Remember!

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Just a quick reminder to say that the clocks go back an hour this weekend, so on Saturday night we’ll all get an extra hour in bed – hooray!  Then again if you’re lucky enough to be on holiday for half term week you might not notice.

If you are going away next week just be aware that the roads will probably be busier – which could be more of a problem with less daylight. But hopefully you’ll get some good weather when the sun comes out. We’ll keep our fingers crossed!

If you fancy taking a break next week, why not check the availability on some of our fantastic holiday cottages? And if you’re not going away then enjoy your extra hour and have a fantastic weekend.

Ghostly goings on

Tower of London - drama

We recently received what appeared to be complaint from a customer saying that the property they were staying in was haunted. Customer satisfaction is very important to us so we took their word that the mysterious owl-like noises they heard were not in fact from an owl but from a ghost…possibly doing an impression of an owl.

But it turned out that the customer wasn’t complaining, they were actually delighted to be sharing their holiday cottage with owls ghosts.  So with Halloween fast approaching we thought there might be more of you who’d like to explore the ghoulish side of UK history on a Halloween break.

So sit tight and keep a light on as we explore some of the UK’s most haunted regions….

Chillingham Castle, Alnwick, Northumberland

Some might say Sir Humphry Wakefield was asking for trouble by naming his castle ‘Chillingham’, he might as well have called it ‘Ghostville’ or ‘Polterhouse’. And if attracting ghosts was his plan, it seemed to work. As well as the ghost of Lady Berkely, who walks the corridors looking for wayward lover, there are stories of a spook that leaps out of a painting at night. Unfortunately, for those of a nervous disposition, the picture is not of a group of dogs playing snooker.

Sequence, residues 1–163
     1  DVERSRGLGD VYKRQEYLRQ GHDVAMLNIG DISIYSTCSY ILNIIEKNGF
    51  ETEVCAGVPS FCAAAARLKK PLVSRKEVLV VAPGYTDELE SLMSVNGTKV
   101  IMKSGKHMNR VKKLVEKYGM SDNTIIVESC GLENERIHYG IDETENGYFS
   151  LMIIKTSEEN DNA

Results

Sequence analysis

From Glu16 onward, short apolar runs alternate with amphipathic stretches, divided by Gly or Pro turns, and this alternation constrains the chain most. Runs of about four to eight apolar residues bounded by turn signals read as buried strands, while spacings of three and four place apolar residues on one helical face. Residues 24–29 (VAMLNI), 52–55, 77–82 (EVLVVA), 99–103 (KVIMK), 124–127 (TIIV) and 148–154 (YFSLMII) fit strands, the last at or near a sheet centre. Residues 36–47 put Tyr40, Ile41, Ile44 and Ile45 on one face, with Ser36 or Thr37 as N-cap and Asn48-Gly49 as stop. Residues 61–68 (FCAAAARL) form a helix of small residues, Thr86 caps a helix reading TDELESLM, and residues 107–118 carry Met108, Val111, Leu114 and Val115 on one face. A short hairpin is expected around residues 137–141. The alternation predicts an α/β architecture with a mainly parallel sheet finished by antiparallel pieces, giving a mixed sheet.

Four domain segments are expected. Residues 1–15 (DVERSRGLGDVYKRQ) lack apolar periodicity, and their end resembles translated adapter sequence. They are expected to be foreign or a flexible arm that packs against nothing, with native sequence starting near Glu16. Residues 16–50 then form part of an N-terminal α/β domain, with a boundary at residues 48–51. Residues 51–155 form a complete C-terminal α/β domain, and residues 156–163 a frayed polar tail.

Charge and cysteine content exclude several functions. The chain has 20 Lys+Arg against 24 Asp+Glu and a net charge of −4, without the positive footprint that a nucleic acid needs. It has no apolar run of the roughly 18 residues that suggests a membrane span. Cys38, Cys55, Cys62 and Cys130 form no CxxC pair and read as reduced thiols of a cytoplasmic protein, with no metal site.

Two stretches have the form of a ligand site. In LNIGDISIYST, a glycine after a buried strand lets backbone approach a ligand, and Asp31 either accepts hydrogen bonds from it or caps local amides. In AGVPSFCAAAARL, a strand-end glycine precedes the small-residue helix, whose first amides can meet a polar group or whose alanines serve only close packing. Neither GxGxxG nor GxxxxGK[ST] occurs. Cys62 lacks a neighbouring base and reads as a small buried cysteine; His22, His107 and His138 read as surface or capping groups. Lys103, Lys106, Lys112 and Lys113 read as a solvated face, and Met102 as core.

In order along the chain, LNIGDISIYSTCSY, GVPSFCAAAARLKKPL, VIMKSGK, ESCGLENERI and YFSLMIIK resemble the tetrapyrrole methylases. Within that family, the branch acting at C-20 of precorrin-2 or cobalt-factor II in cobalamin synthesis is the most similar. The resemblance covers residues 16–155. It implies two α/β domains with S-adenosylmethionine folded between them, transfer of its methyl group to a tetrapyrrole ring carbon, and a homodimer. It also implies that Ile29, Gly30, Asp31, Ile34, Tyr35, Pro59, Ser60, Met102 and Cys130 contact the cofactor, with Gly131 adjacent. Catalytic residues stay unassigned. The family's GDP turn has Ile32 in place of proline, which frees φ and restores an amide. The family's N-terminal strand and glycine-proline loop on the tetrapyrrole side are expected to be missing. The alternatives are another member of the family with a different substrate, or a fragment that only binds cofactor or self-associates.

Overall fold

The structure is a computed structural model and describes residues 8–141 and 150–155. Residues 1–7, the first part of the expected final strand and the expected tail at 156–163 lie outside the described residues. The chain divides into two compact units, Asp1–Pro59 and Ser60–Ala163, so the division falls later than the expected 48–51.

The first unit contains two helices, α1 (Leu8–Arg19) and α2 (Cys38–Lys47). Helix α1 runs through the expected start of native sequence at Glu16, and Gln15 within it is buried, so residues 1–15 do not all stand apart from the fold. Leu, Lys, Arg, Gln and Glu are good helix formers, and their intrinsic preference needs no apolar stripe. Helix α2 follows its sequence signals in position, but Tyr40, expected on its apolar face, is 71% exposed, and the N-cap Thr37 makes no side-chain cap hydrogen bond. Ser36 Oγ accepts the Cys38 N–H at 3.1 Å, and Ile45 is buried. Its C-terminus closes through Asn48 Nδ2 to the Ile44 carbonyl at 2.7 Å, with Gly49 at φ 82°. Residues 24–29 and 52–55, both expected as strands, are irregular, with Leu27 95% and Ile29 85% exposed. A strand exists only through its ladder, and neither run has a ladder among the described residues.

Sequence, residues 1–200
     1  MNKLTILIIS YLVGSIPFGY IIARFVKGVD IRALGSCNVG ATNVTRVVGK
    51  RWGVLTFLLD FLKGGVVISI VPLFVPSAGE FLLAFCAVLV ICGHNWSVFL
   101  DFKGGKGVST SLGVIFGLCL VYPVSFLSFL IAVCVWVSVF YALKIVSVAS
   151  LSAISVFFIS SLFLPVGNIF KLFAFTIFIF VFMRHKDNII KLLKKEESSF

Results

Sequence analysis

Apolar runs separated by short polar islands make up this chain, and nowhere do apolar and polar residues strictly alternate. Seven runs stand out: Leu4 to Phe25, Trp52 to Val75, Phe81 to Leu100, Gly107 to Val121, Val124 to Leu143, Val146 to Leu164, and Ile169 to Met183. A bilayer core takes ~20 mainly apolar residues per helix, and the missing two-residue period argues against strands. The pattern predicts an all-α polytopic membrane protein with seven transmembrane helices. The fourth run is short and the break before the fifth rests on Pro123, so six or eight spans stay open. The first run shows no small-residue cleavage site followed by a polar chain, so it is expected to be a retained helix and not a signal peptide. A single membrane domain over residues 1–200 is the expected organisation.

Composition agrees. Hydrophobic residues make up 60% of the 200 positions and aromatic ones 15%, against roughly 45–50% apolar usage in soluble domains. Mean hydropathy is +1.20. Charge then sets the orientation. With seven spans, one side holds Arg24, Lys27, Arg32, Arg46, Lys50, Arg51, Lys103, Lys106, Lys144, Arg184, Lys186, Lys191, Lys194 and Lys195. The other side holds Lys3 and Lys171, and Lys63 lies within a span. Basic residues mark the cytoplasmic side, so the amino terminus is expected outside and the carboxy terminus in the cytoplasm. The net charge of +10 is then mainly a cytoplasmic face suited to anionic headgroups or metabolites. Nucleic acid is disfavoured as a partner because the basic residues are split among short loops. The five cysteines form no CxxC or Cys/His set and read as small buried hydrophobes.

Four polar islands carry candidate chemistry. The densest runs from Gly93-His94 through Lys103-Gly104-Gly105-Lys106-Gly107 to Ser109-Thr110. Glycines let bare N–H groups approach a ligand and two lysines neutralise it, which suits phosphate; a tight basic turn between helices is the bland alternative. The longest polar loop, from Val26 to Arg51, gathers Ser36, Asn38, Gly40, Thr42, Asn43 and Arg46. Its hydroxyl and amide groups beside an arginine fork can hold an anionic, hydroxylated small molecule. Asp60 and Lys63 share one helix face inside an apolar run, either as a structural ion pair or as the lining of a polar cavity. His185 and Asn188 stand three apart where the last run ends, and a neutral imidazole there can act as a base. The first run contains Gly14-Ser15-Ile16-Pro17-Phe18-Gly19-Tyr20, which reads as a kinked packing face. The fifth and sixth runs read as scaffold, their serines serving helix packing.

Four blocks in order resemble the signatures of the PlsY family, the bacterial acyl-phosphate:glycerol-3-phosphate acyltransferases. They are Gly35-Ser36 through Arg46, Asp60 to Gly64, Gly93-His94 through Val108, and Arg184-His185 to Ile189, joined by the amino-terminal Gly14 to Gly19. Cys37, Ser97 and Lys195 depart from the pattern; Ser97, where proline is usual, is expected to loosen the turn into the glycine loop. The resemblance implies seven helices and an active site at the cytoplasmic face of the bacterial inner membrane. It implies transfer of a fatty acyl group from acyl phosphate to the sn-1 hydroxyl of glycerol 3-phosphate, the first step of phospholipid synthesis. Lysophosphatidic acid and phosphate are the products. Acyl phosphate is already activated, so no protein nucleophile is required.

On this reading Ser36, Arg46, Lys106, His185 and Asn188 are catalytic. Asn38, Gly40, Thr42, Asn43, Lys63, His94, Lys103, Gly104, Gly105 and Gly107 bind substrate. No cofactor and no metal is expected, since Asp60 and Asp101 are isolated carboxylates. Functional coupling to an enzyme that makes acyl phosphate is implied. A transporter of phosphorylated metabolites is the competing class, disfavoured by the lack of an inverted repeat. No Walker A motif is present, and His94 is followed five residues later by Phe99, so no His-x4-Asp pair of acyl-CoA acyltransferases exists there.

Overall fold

The castle’s library allegedly houses a pair of ghosts who talk loudly, making the position of librarian at Chillingham Castle one of the least satisfying jobs in the UK. And if you’re thinking of escaping the ghouls outside the castle…think again! Even the lake in the castle’s grounds is said to be haunted, presumably by the ghosts of spurned goldfish…

The Tower of London

With the ghosts of Sir Walter Raleigh, Queen Ann Boleyn and Lady Jane Grey allegedly roaming its corridors late at night, the Tower of London is not only one of the most haunted places in the UK but also like a supernatural version of Hello magazine.

But it’s not just notable historic figures who are rumoured to haunt its darkened corridors late at night; in 1816, one sentry stationed outside the jewel room, reported seeing a bear advancing towards him. The lack of physical evidence (such as an actual giant bear) caused some cynics to question the story’s legitimacy, so in return the sentry offered that it must have been the ghost of bear. Although it’s entirely possible he may have been exposed to other kinds of spirits at the time.

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The Red Lion Inn, Avebury, Wiltshire

And speaking of spirits of one kind and another, The Red Lion Inn seems to have both in abundance. One of the most famous ghosts is that of Florrie, a 17th century lady who is rumoured to appear from the well in the bar area. Unfortunately for the owners of the pub, Florrie seems to be a bit of a troublemaker and there have been reports of items being mysteriously thrown around the bar area – though we can’t confirm that this only happens at last orders.

Guests staying at The Red Lion are rumoured to have left in the middle of the night and there are reports of rooms feeling freezing, even in summer. And when you consider that one of the ghosts has a ‘thing’ for men with beards, those of a nervous disposition or an excess of facial hair might prefer to stay in a holiday cottage nearby and leave The Red Lion well before closing time!

Okehampton, Devonshire

Okehampton seems to be a commuter town for spirits, a bit like Ipswich but for the supernatural. One of the most impressive tales is that of Lady Howard, who lived in the town’s castle and reportedly married wealthy men before murdering them for their fortune.

Lady Howard’s ghostly penance is to visit the castle every night to pick one blade of grass before returning to her family home. And when you consider the fact that she supposedly does this in a carriage made of bones pulled by a black dog with flaming eyes, even the most unobservant ghost hunter should be able to spot this spook!